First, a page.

“…as a sign that you are free, you shall be naked in your rites.”

Some Pagan traditions perform rituals in the nude (skyclad), but this may not be for everyone.

Going skyclad is a traditional expression for performing rituals naked, in the nude, in your birthday suit, in the buff, unclothed, disrobed… you get
the picture. It’s the most common practice today among most Pagans, originating among traditional (Gardnerian Wiccan) covens. The reasons for going skyclad are many and varied:

  • Clothing blocks energy (according to some people) (Practitioners of Traditional Chinese Medicine agree with this theory)
  • Being nude represents the deep trust between coven members
  • Lack of robes removes all indications of rank, and therefore places all members as equals
  • Shows the level of commitment to the Craft and one’s coven

There is nothing sexual about performing rituals in the nude. You or your coven may agree with one or more of these reasons, or have other reasons altogether. The original reference to the practice of skyclad rituals comes from the 1897 text by Charles Leland, “Aradia, Gospel of the Witches”.
It’s reflected again in the more modern version, “The Charge of the Goddess”, by Doreen Valiente. The line reads: “…as a sign that you are free, you shall be naked in your rites.”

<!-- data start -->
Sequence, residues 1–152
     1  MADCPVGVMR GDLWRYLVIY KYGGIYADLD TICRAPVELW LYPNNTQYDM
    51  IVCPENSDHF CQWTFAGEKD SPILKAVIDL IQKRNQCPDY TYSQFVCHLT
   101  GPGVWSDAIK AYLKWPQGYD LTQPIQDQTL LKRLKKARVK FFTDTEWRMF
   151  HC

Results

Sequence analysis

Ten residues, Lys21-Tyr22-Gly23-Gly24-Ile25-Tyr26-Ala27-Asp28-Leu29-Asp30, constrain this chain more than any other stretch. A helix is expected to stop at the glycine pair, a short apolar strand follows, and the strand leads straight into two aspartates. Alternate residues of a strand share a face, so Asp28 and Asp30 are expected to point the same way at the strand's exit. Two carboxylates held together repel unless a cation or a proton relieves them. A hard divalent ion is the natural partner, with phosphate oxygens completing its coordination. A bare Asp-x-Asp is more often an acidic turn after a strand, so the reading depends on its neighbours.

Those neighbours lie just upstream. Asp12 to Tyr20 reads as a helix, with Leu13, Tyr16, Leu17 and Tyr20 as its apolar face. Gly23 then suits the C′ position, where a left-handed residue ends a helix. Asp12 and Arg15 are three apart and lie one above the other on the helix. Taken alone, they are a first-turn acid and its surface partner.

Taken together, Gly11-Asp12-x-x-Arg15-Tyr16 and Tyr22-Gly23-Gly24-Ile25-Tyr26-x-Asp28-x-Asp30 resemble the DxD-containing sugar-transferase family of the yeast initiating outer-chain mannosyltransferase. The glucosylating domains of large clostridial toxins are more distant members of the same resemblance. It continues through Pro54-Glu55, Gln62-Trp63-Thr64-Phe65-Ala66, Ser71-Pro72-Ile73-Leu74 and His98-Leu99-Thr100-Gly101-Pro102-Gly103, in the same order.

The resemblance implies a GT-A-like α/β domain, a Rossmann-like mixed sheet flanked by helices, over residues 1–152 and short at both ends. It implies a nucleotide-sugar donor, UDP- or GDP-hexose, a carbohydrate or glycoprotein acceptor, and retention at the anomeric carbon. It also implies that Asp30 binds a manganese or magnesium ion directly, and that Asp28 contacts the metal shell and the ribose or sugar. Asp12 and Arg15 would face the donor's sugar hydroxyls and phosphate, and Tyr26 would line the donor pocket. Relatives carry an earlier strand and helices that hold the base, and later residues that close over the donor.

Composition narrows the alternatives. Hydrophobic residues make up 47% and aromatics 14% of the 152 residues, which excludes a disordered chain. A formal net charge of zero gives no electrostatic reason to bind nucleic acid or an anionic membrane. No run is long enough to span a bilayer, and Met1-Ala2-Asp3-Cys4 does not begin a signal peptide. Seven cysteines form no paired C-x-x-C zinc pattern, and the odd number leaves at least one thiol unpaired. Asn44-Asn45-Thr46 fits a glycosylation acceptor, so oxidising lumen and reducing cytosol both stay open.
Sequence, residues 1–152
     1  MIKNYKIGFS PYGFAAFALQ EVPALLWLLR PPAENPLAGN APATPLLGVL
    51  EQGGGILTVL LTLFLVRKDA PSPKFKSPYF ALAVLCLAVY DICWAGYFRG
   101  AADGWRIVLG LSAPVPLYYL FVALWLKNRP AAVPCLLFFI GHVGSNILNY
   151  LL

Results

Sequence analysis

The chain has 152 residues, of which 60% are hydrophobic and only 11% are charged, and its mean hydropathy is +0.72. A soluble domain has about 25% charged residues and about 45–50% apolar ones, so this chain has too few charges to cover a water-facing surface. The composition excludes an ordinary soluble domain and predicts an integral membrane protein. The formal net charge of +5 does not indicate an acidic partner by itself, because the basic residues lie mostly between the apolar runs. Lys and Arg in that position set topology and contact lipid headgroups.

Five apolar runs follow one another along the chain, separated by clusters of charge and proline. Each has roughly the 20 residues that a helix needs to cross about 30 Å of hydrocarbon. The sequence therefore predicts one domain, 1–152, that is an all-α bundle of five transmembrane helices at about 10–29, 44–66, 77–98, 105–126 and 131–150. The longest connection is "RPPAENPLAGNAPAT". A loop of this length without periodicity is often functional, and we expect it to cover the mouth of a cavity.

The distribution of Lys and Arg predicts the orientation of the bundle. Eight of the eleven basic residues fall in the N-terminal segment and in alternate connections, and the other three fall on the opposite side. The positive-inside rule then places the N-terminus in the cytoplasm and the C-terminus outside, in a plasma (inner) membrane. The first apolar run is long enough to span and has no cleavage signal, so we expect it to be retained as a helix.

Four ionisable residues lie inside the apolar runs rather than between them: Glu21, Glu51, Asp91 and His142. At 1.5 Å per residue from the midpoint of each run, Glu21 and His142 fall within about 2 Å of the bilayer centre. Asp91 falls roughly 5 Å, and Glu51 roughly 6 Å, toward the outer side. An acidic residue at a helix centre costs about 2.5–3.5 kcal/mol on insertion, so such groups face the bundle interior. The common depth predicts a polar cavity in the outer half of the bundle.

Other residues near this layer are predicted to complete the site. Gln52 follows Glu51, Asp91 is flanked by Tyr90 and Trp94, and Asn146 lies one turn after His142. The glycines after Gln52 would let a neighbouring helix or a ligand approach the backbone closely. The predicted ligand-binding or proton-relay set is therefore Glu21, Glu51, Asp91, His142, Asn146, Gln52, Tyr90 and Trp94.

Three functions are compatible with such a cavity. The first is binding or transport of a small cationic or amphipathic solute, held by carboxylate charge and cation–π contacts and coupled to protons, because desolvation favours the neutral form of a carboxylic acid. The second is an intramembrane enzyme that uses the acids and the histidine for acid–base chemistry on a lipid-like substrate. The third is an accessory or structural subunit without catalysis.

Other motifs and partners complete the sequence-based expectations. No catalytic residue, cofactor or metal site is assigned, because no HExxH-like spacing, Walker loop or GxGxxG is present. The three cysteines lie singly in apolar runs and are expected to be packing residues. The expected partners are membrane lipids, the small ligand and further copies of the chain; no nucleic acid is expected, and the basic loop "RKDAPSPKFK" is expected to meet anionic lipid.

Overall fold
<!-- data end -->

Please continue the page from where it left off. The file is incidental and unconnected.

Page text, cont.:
If you are a solitary, the choice is yours. Do not feel that you must go skyclad, because that’s what ‘real’ Pagans do. Feeling uncomfortable during ritual
will only detract from your purpose. So if you feel awkward being naked even though you are alone, then cover up.

If you are considering joining a coven and they perform their rituals skyclad, but you do not feel comfortable with it, find another coven. Do not expect
any group to bend their rules for you. Also, a coven that follows this practice should be upfront about it when you first approach for membership. Any
group that springs this on you after you have joined is unethical and not a group you want to be involved with.

Among Druids, The Order of Bards, Ovates, and Druids and, the Order of the Mithril Star, are two groups that encourage the practice, although the later promotes naturism in general and not ritual nudism so much.   It should be noted that neither group requires the practice. They only encourage it.